Outpost: Black Sun (2012)

I’m afraid to say that Outpost: Black Sun, the zombie nazi fest from director Steve Barker, that he co-wrote with Rae Brunton, and which stars Richard Coyle and Catherine Steadman, left me distinctly cold. It’s quite frankly boring and, once it had finished, I managed to black it from my mind completely.

Towards the end of WW2, a German scientist called Klausener (David Gant) had been working on the creation of a Nazi army of zombi soldiers. Jump to today and a feisty young investigator called Helena (Steadman) is searching for the infamous war-criminal Klausener whom she believes is still alive.

By chance she finds herself in the same area of Eastern Europe as Wallace (Coyle), a man who has been on the trail of the Nazis for years. Reluctantly they pull resources and, with the help of a Special Forces Unit, the two unlikely comrades venture deep into no-mans land where they discover something more evil than even they imagined – an army of undead Nazis created with the sole purpose of the establishment of a 4th Reich which will then be unleashed upon an unsuspecting world.




Reading my opening paragraph some will say I should refrain from making make such blatant statements – unless of course I can back them up. Well, I’m glad (or rather, sad) to say I can. This film IS boring with nothing of any interest or the slightest bit frightening happening – at least nothing that I could see. Still as most of the action took place within a warren of dimly lit tunnels, which seemed to run either into each-other or into dead-end rooms, it was extremely hard to tell what was going on half the time. The living characters are also disappointing, being almost as lifeless as the zombi hoards they’re fighting, leaving you the viewer not really caring one way or the other whether they survive or not.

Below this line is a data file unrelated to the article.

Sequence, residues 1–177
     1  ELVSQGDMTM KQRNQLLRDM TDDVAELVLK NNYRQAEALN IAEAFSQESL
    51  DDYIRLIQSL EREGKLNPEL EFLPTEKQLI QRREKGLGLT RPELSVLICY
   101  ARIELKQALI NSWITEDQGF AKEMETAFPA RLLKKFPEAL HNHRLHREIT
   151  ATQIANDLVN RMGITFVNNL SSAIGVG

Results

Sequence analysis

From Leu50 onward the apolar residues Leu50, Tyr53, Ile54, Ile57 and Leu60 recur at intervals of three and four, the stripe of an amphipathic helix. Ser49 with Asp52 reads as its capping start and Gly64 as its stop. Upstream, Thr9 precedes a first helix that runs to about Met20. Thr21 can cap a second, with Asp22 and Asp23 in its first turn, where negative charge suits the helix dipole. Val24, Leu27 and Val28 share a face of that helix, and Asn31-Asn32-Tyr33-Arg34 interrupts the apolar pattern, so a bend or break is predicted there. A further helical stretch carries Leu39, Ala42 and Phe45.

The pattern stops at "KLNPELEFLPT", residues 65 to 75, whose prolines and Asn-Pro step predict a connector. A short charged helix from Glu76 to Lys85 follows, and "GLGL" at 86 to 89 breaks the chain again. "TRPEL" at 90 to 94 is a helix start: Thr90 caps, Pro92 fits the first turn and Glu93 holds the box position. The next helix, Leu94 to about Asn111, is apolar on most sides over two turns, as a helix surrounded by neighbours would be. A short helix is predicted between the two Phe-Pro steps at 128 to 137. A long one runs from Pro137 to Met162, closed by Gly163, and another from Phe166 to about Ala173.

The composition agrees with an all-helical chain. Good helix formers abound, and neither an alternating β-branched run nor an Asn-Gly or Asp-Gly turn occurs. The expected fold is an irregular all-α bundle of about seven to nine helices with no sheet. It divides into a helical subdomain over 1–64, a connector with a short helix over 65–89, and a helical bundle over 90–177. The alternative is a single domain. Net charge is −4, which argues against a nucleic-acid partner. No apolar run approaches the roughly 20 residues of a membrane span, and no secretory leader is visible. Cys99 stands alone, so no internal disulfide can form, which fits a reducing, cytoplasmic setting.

The only vaguely impressive bit is the central power room from which all the undead hokum is radiating. However one effective scene does not a good film make and, on the strength of Outpost: Black Sun, it appears to be time to let the sun set on this particular niche area of zombie horror.

Cleaver Patterson

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